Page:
Low-flow oxygen decreases the frequency of the 3 types of apnea (central, mixed, and obstructive) in patients with predominantly obstructive sleep apnea. The decrease in frequency appears to be accompanied by a shift in apnea distribution, consisting of a decrease in the proportion of central and mixed apneas and an increase in that of obstructive apneas. To determine whether this shift represents a greater inhibitory effect on central and mixed apneas or an increased tendency toward obstructive apneas, we administered low-flow oxygen during sleep to 9 patients who demonstrated predominantly central and mixed sleep apnea (51 ± 33% and 33 ± 21% of apneic events, respectively, mean ± SD) and had resting, room air, oxygen tensions of 83 ± 11 mmHg. During non-REM sleep, oxygen increased the baseline oxyhemoglobin saturation while reducing the average peak fall in oxyhemoglobin saturation during each apneic event. Oxygen reduced the overall apnea frequency from 66 ± 7.8 (mean ± SE) to 43.0 ± 10.7 episodes per hour (p < 0.02). Central and mixed apneas decreased markedly from 31.4 ± 0.6 to 6.4 ± 4.3 episodes per hour (p < 0.02) and from 20.9 ± 5.0 to 4.9 ± 1.5 episodes per hour (p < 0.02), respectively. However, obstruction apnea frequency more than doubled from 13.9 ± 7.0 to 32.1 ± 9.2 episodes per hour (p < 0.02). We conclude that in these patients oxygen tension altered both the frequency and distribution of sleep-induced apnea, with a lower oxygen tension increasing the frequency of central and mixed apneas and a higher oxygen tension increasing the frequency of obstructive apneas. These findings are compatible with the hypothesis that the 3 types of apnea represent a continuum of destabilized ventilatory control.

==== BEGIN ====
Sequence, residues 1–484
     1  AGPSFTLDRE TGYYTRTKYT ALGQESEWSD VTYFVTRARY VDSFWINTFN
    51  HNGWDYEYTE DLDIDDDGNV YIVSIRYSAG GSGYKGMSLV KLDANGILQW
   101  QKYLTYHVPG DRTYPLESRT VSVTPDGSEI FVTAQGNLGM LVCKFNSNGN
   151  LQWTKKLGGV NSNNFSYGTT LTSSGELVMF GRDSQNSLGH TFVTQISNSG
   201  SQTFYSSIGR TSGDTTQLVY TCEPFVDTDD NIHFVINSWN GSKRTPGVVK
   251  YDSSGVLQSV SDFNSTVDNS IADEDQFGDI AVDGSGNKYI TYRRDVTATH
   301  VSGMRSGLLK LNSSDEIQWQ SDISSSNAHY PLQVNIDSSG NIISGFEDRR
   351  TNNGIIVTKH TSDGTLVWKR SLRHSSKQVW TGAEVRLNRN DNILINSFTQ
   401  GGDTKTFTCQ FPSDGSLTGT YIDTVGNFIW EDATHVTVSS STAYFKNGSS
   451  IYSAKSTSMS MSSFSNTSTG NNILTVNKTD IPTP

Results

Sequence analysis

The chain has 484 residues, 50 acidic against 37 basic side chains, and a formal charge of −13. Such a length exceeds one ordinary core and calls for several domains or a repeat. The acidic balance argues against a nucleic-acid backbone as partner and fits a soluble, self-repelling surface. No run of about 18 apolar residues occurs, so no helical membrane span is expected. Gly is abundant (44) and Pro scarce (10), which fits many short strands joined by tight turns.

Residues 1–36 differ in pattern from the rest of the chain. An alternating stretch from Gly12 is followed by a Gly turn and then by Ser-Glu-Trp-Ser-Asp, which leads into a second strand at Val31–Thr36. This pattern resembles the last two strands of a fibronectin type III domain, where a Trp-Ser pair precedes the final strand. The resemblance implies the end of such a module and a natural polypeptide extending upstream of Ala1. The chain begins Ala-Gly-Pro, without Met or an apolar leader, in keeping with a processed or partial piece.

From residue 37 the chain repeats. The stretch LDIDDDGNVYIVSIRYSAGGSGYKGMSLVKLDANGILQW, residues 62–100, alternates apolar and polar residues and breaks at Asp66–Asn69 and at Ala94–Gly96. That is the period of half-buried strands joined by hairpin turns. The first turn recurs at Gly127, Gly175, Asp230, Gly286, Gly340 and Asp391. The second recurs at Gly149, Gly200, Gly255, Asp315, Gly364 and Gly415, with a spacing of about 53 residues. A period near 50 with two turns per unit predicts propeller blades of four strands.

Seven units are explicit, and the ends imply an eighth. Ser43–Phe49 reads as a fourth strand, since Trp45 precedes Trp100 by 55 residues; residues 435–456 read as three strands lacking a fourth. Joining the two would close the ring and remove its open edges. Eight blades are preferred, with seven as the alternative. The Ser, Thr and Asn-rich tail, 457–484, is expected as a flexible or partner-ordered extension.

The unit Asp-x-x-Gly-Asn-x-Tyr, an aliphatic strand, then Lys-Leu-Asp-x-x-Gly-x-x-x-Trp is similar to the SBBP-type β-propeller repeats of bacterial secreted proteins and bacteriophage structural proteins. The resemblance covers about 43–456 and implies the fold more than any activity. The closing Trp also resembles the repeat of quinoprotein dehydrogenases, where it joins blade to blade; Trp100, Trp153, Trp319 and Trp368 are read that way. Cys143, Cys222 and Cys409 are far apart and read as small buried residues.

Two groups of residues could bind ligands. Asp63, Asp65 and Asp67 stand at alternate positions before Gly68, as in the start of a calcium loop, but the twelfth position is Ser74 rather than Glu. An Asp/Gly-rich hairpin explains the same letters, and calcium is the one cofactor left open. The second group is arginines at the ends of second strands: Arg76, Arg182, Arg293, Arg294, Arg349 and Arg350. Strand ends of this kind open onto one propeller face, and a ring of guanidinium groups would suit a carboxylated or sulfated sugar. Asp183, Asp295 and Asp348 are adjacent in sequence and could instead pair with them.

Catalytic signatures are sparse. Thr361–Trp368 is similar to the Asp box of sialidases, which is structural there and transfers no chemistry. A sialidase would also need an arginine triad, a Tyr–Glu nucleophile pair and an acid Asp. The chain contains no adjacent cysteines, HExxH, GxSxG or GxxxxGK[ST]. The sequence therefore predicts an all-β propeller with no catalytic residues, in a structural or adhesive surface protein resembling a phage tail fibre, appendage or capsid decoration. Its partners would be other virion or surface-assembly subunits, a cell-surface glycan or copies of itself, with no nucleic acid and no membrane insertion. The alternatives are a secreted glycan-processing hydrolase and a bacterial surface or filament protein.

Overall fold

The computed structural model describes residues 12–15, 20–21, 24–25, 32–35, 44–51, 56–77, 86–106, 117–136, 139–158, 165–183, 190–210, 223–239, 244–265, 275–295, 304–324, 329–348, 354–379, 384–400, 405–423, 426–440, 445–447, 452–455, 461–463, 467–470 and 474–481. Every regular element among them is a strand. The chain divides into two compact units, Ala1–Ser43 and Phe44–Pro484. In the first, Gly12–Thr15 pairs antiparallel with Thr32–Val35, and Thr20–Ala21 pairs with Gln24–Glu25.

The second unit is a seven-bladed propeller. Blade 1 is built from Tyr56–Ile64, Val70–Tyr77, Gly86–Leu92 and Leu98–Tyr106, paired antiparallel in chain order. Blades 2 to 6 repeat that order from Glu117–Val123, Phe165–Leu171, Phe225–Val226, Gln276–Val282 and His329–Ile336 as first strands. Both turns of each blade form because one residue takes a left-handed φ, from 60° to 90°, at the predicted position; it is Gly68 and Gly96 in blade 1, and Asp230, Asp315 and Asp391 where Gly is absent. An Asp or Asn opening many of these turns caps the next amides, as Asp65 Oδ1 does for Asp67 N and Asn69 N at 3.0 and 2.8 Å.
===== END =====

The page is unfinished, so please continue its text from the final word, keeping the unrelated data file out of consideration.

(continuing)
|Original language||English (US)|
|Number of pages||4|
|Journal||American Review of Respiratory Disease|
|State||Published - Jan 1 1985|
ASJC Scopus subject areas
- Pulmonary and Respiratory Medicine